By EILEEN OGINTZ
VISTA VERDE GUEST RANCH, CO – (Day One) — First lesson: learning how to get back up on your feet. That’s because I’ve barely gone 100 yards when I’m on my backside.
I’m on cross country skis for perhaps the second time in my life at Vista Verde Guest Ranch surrounded by snow covered meadows and peaks.
Vista Verde Ranch, about 25 miles north of Steamboat Springs, is about as opposite a downhill mountain resort as possible. Set on 540 acres in the middle of Colorado’s Routt National Forest, this is the place to come to explore the wilderness on cross-country skis, horseback, fat bikes or snowshoes away from the crowds. There are just nine will appointed cabins — each with their own hot tubs —
and three lodge rooms.
We’ve come on a family trip with my husband, brother in law, sister in law, and nephew and my son, both of whom are in their early thirties. After four days of downhill skiing, we all were ready for a change of pace—and the chance to learn a new sport.
Today, my son Matt and nephew Chris went off snowmobiling in the backcountry while my husband and I went out with guide Kelly King cross country skiing on a track in the snow. Other guests went out in the backcountry on cross-country skis hoping to see a moose. My brother in law and sister in law drove into Steamboat Springs where the town’s annual winter carnival was getting underway.
In the morning, the guys had gone tubing (nice to be brought up the hill each run by a snow mobile pulling a sleigh!) while I did yoga.
When there are kids in house ages six and older, there is sledding, sleigh rides, kids’ movie night and more.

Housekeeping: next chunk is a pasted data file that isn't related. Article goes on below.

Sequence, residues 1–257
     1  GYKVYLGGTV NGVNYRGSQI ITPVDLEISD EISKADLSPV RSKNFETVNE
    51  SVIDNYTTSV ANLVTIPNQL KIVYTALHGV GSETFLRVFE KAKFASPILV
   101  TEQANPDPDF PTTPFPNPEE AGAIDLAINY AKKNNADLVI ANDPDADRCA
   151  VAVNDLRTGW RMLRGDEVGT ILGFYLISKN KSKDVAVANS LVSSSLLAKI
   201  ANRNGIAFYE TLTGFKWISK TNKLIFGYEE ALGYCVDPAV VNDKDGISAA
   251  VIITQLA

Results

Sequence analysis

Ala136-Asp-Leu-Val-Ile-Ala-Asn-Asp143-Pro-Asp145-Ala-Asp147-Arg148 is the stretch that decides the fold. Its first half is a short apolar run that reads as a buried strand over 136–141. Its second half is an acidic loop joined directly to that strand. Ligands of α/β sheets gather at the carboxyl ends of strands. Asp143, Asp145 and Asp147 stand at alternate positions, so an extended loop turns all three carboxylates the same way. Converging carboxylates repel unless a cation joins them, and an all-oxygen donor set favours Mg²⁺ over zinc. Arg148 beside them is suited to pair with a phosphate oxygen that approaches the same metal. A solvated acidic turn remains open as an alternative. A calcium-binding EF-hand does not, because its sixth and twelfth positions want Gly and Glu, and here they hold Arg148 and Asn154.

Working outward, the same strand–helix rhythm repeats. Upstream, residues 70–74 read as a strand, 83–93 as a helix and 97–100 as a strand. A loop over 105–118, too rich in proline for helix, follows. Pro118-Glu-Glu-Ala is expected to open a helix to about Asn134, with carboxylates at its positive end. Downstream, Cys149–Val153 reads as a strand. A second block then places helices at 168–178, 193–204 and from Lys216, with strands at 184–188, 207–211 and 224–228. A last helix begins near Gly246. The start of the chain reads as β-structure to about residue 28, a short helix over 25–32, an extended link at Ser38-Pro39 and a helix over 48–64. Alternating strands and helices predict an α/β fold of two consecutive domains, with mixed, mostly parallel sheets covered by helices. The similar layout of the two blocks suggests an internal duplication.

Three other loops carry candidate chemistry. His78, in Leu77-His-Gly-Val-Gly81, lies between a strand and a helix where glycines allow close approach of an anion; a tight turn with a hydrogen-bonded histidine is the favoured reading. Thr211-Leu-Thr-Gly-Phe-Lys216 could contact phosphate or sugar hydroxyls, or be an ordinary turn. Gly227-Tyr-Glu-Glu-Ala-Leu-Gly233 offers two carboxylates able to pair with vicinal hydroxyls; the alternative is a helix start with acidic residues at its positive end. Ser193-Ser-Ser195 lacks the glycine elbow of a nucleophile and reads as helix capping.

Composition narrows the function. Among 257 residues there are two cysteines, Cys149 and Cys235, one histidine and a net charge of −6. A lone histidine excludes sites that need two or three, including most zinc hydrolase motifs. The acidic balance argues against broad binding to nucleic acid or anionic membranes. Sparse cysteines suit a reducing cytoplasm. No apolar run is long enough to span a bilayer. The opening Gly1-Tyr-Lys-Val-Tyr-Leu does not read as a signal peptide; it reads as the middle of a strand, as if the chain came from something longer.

There is a large indoor riding arena for more intensive clinics in winter as well as summer.
“People may come in the summer thinking they want to ride every day but then they realize they don’t,” said Kelly King, adding that everyone in a family may not have equal enthusiasm for horses. So in the summer, besides horseback riding, there’s hiking, mountain biking, fly fishing, rock climbing, paddle boarding, rafting, photography workshops, yoga, cooking classes and for the kids, campfires, panning for gold, treasure hunts and more.
I love that the biggest decision I have to make is what I want to do in the morning or after lunch. I love that we just show up for delicious meals — no shopping, cooking or cleaning up. Besides freshly baked banana muffins this morning, there were omelets cooked to order, fresh biscuits and gravy, honey wheat pancakes and waffles.
Lunch included grilled cheese sandwiches (with gruyere cheese), home made tomato soup, chicken legs and meatloaf and several varieties of salad. Dinners are a three-course candlelit affair paired with wine.
“There’s no need to get out your wallet from the time you come to when you leave,” said one appreciative return guest who has already booked the same week next winter.
Even the ranch hands that help us into our cabin with our bags won’t take tips.